- Staff insubordination
- Bad hires
- False teaching
- Divisive church members
- Efforts to take the church off mission
But many other battles are best left alone or left to God. Some battles you will not win and probably should not try to fight. If you don’t care for something your church is doing (such as a program), you can let it die a slow death on its own rather than call in the artillery.
Consultant and author André Bustanoby recommends answering these seven questions before engaging in battle:
- Does the church have a history of driving pastors away?
- Have your efforts to achieve peace in the past repeatedly failed?
- Are your leaders prepared to pay the price of victory?
- Is there a critical mass of support in the congregation?
- Is the opposition willing to negotiate, or do they demand unconditional surrender?
- How will fighting the battle affect your family?
- Why fight? Is it to benefit your church and community or satisfy your personal need to win?
- Ignore the greener grass
- Dial back your expectations.
Ambition is one thing; hubris is quite another. Excellence is wonderful to shoot for, but it often masks a sense of self-importance. It’s great to want to win the world to Christ. But maybe you should focus on your neighborhood. Aiming for the bleachers is a wonderful goal, but is it really necessary? What is “excellence” costing you—your health? Your marriage? Your friendships? Your joy? Your Sabbath? Your rest?
Remember the adage “Less is more.” Don’t expect perfection or completion this side of heaven. My wife is good about reminding me to shoot for a 7 or 8 instead of a 10. The prophet Jeremiah told his secretary Baruch, “Do you seek great things for yourself? Seek them not” (Jeremiah 45:5).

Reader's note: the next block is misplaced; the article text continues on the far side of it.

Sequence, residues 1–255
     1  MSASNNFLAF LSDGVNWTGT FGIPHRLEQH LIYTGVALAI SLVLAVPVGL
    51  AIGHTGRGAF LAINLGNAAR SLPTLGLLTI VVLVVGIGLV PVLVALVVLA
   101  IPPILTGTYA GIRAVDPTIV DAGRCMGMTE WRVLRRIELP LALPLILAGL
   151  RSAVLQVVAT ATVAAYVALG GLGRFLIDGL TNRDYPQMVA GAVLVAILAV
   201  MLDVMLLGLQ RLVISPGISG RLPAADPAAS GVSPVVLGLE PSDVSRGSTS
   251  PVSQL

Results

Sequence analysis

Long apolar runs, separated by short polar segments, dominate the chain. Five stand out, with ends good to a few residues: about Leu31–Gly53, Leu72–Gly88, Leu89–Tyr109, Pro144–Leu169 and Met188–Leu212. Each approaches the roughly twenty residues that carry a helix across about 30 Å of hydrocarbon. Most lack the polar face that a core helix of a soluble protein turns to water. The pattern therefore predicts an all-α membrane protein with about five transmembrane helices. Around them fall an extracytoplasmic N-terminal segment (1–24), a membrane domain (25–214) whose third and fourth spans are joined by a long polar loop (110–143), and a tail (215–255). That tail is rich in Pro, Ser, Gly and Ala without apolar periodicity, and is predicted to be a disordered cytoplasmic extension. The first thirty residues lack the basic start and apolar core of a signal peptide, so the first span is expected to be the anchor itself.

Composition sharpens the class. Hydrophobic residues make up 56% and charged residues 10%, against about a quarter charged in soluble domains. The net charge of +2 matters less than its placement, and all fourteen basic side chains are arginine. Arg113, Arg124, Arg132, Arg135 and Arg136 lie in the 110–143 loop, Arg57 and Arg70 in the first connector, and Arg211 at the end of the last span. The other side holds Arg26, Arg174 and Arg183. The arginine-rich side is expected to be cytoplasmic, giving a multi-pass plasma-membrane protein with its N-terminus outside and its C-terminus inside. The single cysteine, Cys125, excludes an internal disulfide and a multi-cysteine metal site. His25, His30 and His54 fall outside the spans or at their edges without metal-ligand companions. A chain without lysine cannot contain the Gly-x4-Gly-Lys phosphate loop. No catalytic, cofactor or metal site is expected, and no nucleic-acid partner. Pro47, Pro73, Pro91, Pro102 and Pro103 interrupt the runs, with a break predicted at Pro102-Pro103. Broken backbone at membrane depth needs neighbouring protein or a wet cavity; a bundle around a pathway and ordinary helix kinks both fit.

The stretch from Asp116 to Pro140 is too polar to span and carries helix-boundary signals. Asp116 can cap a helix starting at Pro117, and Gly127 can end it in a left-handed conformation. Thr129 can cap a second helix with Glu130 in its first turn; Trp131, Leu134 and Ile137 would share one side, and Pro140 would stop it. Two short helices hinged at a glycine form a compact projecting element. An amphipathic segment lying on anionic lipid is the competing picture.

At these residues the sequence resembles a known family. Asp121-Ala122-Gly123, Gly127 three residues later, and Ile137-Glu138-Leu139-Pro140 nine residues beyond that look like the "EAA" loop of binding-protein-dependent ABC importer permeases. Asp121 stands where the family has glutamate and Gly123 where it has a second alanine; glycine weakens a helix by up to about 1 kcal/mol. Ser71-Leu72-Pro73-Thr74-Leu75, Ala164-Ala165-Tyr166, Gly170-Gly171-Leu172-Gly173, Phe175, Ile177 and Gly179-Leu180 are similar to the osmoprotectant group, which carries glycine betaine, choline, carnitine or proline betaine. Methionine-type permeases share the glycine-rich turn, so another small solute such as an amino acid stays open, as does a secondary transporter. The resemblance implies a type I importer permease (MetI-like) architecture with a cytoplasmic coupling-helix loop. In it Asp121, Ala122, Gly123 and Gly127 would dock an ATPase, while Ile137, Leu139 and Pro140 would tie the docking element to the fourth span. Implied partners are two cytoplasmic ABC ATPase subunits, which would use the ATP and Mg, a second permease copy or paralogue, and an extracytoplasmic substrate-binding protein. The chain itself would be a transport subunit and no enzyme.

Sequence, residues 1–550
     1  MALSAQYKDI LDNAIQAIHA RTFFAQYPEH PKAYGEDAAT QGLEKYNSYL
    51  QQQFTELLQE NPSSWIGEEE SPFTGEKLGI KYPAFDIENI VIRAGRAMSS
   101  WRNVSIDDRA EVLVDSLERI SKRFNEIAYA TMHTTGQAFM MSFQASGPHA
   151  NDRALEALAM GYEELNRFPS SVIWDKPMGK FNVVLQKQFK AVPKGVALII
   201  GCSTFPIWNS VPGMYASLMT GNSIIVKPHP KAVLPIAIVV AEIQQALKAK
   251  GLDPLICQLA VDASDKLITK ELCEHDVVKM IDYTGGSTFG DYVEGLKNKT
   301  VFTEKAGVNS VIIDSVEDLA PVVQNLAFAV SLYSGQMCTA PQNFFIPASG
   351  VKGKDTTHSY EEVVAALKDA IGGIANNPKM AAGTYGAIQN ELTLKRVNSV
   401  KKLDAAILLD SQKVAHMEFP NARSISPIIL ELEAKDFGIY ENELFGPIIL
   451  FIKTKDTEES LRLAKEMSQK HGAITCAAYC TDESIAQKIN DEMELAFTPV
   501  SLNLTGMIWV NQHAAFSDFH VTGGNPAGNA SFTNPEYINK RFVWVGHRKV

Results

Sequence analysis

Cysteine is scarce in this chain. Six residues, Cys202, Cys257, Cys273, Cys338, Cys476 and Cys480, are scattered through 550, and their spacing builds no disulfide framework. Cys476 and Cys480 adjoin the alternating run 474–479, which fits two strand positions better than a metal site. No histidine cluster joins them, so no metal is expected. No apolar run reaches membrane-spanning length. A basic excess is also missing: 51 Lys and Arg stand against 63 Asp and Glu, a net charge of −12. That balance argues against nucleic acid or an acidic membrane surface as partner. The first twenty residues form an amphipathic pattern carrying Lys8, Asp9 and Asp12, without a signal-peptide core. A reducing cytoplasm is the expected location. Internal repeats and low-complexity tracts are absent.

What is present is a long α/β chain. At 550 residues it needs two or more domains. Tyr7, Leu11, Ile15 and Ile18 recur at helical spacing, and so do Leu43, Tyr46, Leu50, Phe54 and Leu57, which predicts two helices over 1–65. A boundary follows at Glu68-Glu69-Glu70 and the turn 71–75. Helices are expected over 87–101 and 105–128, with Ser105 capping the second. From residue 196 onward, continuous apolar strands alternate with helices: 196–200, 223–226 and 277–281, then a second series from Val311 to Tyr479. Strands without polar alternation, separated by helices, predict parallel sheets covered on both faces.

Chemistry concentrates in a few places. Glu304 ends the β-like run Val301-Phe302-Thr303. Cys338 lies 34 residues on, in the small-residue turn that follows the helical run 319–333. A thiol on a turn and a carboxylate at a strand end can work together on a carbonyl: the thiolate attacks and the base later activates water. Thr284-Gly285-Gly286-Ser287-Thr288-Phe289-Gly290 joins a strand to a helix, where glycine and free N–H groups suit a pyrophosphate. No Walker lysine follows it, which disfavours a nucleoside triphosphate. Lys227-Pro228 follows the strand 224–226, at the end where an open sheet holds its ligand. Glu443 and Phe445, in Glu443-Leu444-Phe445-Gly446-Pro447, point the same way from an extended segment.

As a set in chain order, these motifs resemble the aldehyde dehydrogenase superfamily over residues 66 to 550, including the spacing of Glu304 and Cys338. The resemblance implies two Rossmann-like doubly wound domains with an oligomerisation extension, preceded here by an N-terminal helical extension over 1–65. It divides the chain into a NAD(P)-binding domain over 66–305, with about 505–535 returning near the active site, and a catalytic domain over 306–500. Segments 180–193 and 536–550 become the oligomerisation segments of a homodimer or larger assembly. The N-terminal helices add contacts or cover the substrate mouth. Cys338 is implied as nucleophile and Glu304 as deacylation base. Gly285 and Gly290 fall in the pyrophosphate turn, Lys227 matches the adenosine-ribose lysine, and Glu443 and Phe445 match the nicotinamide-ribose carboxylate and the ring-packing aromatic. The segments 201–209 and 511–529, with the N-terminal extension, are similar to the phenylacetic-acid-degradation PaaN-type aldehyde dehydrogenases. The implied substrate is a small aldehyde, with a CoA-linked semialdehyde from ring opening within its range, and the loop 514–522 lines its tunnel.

What explains the massive departure of clergy from their posts? Could it be that they entered the ministry expecting to be the next Tim Keller or Matt Chandler or fill-in-the-blank, but found out very quickly that it was a pipe dream? The internet has helped create a celebrity culture among Christian leaders that is killing the souls of many good men and women who truly love the Lord and want to be a blessing to God’s people but are not extraordinarily gifted.
What the church needs today are ordinary men and women patiently, faithfully keeping in step with the Spirit and fulfilling their callings, however great or small they be. We need more people who are “content to fill a little space, if God be glorified” (Anna Waring).
- Dial back your expectations of other people too.
Grant them the same mercy you give yourself. Forgive them when they disappoint you. Remember that they, like you, are sinners and need the grace of God. If God “knows your frame and remembers that you are dust” (Psalm 103:14), you should treat other people the same way.
The church is made up of people just like you. The church will not be purified and holy till we get home. Until then we will let each other down, sin against each other, and often, like Paul and Barnabas, decide to go our separate ways. Give the church grace. Be patient with her. If you must complain, do so kindly, and complain directly to the people who need to hear from you. Don’t spread bad reports about God’s chosen ones.
- Care for yourself.
Don’t take yourself so seriously. Have a day of rest. Honor the Sabbath. Waste some time. The sky is not falling. Your church or ministry will not fail if you take a personal day now and then. Have some activities and hobbies that renew your soul and bring you joy. Exercise. Enjoy nature. Go out with friends. Eat good food. Get counseling. Read books and listen to music. Do things just for the fun of it, and don’t feel ashamed.
As it says in James 5:11, “the Lord is compassionate and merciful.” Be compassionate and merciful with yourself.
Click here to read the original blog on SurvivingMinistry.com
Mike was a pastor for over 32 years before becoming Dean of Students and visiting professor at a theological seminary in Orlando, Florida. He cares about keeping pastors encouraged for a lifetime of rewarding ministry. He’s the author of Surviving Ministry: How to Weather the Storms of Church Leadership